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  Global Views
WHO TB Strategy Out of Reach for Many Nations
By Dr Bobby John and Tim France, PhD
Special Contribution
A tuberculosis patient in rural Tugela Ferry, South Africa.

A much larger TB drug resistance problem exists than researchers previously thought. New global data on TB, published this week by the World Health Organization (WHO), highlight serious weaknesses in many national TB programmes, increasing the potential for widespread TB drug resistance. How did we reach this precarious state?

Ask a WHO expert that question and they assert that increasing levels of TB drug resistance: "reflects a failure to implement the WHO Stop TB Strategy." The strategy hopefully maps out the steps that national TB control programmes need to take. By all accounts then, our national TB programmes are failing us.

The bacterium that causes tuberculosis (TB), Mycobacterium tuberculosis, is naturally sensitive to the antibiotic drugs used to treat the disease. The accepted truth about how TB drug resistance starts is that it is mostly 'acquired' in individual patients, because of inadequate treatment with TB drugs, now at least 40 years old.

Poor patient drug adherence, or the use of too few drugs leads — the story goes — to various forms of drug resistant TB. Multidrug-resistant TB (MDR-TB) is a specific type that does not respond to the two most powerful anti-TB drugs. Latest estimates are that MDR-TB makes up about 4% of all new and previously-treated TB globally. Apparently, our antiquated TB drugs are failing us too.

Drug resistant TB is already geographically widespread, including in places where TB control programmes have been in place for many years. But incredibly little is known about just how much TB drug resistance there is outside of capital cities, for example, and even in some entire countries where drug resistance may be common because of historically poor TB control.

No progress can be made if the TB clinics are there but the patients are not. Today's standard test for TB relies on a technique (sputum microscopy) invented over a hundred years ago. It provides no information about drug resistance. Apparently TB diagnosis is also failing us.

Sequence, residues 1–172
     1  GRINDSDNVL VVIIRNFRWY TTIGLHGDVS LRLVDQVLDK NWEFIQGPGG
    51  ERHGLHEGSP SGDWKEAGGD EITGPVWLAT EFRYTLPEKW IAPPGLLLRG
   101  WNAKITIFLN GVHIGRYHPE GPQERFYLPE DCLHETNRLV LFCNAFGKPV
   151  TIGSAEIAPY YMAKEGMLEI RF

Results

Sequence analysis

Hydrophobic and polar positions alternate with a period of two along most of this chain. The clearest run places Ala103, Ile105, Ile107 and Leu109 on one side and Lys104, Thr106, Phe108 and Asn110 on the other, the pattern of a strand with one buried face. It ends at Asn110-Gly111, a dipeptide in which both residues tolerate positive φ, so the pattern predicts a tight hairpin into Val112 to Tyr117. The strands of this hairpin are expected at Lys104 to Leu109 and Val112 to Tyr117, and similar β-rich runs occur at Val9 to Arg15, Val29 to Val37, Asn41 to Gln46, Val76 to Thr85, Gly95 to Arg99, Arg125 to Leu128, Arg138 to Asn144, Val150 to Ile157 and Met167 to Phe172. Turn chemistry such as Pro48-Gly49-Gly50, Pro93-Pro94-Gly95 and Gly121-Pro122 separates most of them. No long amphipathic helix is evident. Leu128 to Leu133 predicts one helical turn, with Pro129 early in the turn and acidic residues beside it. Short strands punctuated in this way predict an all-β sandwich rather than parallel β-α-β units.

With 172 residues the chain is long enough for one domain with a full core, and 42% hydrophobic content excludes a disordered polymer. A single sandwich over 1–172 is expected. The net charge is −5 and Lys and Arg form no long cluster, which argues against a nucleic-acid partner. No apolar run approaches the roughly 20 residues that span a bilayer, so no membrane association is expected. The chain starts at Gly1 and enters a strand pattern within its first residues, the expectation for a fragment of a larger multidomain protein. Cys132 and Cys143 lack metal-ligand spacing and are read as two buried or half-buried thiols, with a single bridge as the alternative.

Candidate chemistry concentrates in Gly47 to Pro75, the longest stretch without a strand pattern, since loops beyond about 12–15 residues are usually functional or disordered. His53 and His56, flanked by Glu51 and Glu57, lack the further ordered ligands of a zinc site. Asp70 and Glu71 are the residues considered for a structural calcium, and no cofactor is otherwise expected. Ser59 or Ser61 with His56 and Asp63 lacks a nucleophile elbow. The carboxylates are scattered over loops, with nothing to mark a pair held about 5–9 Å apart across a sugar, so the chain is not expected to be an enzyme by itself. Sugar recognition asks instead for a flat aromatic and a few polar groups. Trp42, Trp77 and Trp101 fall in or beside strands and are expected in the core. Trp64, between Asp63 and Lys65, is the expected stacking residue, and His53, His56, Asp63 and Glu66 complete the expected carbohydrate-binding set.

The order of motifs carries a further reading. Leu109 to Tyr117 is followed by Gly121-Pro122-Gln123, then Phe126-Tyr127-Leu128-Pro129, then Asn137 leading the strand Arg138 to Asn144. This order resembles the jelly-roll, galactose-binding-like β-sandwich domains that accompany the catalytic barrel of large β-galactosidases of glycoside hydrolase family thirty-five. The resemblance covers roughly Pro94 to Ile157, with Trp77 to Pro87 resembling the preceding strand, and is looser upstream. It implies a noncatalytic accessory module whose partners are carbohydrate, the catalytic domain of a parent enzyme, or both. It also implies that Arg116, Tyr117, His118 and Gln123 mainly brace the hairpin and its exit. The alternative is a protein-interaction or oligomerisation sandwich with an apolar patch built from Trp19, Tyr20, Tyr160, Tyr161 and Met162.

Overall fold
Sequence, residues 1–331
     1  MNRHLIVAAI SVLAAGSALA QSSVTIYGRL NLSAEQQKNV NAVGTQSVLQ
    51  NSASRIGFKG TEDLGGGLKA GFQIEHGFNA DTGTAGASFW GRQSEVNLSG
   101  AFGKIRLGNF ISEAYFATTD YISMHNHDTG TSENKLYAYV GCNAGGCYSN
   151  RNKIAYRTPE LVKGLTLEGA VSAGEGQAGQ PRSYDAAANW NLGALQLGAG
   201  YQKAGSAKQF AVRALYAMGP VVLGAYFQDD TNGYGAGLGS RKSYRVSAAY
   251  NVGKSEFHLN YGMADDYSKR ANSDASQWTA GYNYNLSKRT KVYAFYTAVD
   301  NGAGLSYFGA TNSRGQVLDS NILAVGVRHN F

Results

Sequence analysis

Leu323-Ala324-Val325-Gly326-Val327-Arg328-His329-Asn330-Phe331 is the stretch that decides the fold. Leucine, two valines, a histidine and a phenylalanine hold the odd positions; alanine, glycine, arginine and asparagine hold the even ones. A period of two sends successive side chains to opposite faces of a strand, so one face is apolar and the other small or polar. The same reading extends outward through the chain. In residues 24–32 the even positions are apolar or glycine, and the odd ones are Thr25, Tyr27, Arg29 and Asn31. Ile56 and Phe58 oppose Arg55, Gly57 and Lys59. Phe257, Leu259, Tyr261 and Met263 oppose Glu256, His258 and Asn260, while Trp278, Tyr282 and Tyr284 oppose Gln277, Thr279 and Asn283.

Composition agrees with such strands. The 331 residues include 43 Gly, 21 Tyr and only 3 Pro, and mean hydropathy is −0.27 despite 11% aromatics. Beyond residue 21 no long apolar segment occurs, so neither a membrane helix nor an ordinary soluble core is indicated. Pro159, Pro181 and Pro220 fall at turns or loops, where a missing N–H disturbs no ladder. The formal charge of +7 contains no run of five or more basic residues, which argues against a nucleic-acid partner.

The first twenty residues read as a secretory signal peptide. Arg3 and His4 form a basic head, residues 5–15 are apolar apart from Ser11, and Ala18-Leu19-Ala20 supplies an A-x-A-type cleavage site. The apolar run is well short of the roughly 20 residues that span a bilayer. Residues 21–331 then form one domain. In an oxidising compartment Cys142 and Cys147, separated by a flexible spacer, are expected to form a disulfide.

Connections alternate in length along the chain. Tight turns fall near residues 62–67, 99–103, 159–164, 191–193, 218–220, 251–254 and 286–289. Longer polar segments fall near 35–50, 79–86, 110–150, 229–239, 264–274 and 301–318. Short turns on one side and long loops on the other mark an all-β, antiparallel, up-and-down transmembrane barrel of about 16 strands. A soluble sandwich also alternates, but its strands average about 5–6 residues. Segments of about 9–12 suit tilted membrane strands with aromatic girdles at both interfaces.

Too many weak points to deal with? A further litany of vital TB programme components has also been ignored for years, in favour of a single jewel in the TB strategy's crown: directly-observed treatment short course, or DOTS. In many places, a consistent lack of focus and investment has led to:

- Chronically weak TB diagnostic and laboratory services;
- Infrequent and incomplete TB drug resistance surveillance;
- Inadequate management of individual drug resistant TB cases;
- Paltry TB infection control measures, including in health care settings.

Predictably, many TB-endemic countries have indeed failed to meet the exacting standards of the WHO Stop TB Strategy. Given the circumstances in many countries where TB is rife, what is surprising is that they should be asked to pursue such a pipedream.

DOTS was supposed to stem TB drug resistance. Because of sloppy and unimaginative implementation, it is evidently failing us. As the full extent of TB drug resistance comes to light, prioritising TB drug delivery above all other areas of TB diagnosis and care looks increasingly like WHO has been building a house, just without foundations.

We cannot now claim to be surprised when a decade of overlooking the systemic challenges faced by high TB countries brings the entire house tumbling down.

Promoting policy frameworks is no replacement for working together to achieve what needs to be done to address TB. The Global Plan to Stop TB, (2006-2015), launched by the Stop TB Partnership just over a year ago, is a road map for such a coordinated action.

WHO urgently needs to look beyond 'their' Stop TB Strategy to help promote and coordinate the comprehensive range of actions set out in the Plan — and to recognise the track record of over five hundred global partners who put their name behind it.

When she took office just a few months ago, the new WHO Director-General, Dr Margaret Chan, identified the organisation's many partnerships as one of her immediate priorities. "Either the partnerships have to change or we have to change or both of us have to change to be more relevant," she said. "What is important to me is, are we getting the results that matter?"

In the case of controlling TB drug resistance, the answer is an unequivocal no.

About Authors:

Dr. Bobby John, is the Executive Director of the Center for Sustainable Health & Development, India, and President of Global Health Advocates (
and Dr. Tim France, is Technical and Policy Adviser to Health & Development Networks ( ), and Chairman of the Stop TB Partnership ( Media and Events Task Force.






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